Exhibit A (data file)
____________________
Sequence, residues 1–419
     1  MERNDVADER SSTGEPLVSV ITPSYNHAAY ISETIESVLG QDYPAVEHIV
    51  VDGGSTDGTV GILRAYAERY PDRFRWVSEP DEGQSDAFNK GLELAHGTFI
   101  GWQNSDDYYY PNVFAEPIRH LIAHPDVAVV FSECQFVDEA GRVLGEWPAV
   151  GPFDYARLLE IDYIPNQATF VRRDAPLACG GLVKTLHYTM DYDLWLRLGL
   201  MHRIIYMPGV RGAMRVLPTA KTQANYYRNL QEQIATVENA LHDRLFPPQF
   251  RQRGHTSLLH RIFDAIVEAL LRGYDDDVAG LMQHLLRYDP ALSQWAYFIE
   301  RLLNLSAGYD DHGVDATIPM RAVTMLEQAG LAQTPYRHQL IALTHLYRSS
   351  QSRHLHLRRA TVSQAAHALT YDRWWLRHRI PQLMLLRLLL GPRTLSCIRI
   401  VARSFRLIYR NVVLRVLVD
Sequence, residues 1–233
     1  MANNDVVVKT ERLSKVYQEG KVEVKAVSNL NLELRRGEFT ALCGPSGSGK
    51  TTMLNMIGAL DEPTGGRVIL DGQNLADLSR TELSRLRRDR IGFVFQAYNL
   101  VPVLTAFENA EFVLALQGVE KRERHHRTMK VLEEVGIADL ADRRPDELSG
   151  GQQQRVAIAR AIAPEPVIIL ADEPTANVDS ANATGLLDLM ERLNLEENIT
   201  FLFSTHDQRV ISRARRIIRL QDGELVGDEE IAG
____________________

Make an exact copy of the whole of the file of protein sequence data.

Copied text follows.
Sequence, residues 1–419
     1  MERNDVADER SSTGEPLVSV ITPSYNHAAY ISETIESVLG QDYPAVEHIV
    51  VDGGSTDGTV GILRAYAERY PDRFRWVSEP DEGQSDAFNK GLELAHGTFI
   101  GWQNSDDYYY PNVFAEPIRH LIAHPDVAVV FSECQFVDEA GRVLGEWPAV
   151  GPFDYARLLE IDYIPNQATF VRRDAPLACG GLVKTLHYTM DYDLWLRLGL
   201  MHRIIYMPGV RGAMRVLPTA KTQANYYRNL QEQIATVENA LHDRLFPPQF
   251  RQRGHTSLLH RIFDAIVEAL LRGYDDDVAG LMQHLLRYDP ALSQWAYFIE
   301  RLLNLSAGYD DHGVDATIPM RAVTMLEQAG LAQTPYRHQL IALTHLYRSS
   351  QSRHLHLRRA TVSQAAHALT YDRWWLRHRI PQLMLLRLLL GPRTLSCIRI
   401  VARSFRLIYR NVVLRVLVD
Sequence, residues 1–233
     1  MANNDVVVKT ERLSKVYQEG KVEVKAVSNL NLELRRGEFT ALCGPSGSGK
    51  TTMLNMIGAL DEPTGGRVIL DGQNLADLSR TELSRLRRDR IGFVFQAYNL
   101  VPVLTAFENA EFVLALQGVE KRERHHRTMK VLEEVGIADL ADRRPDELSG
   151  GQQQRVAIAR AIAPEPVIIL ADEPTANVDS ANATGLLDLM ERLNLEENIT
   201  FLFSTHDQRV ISRARRIIRL QDGELVGDEE IAG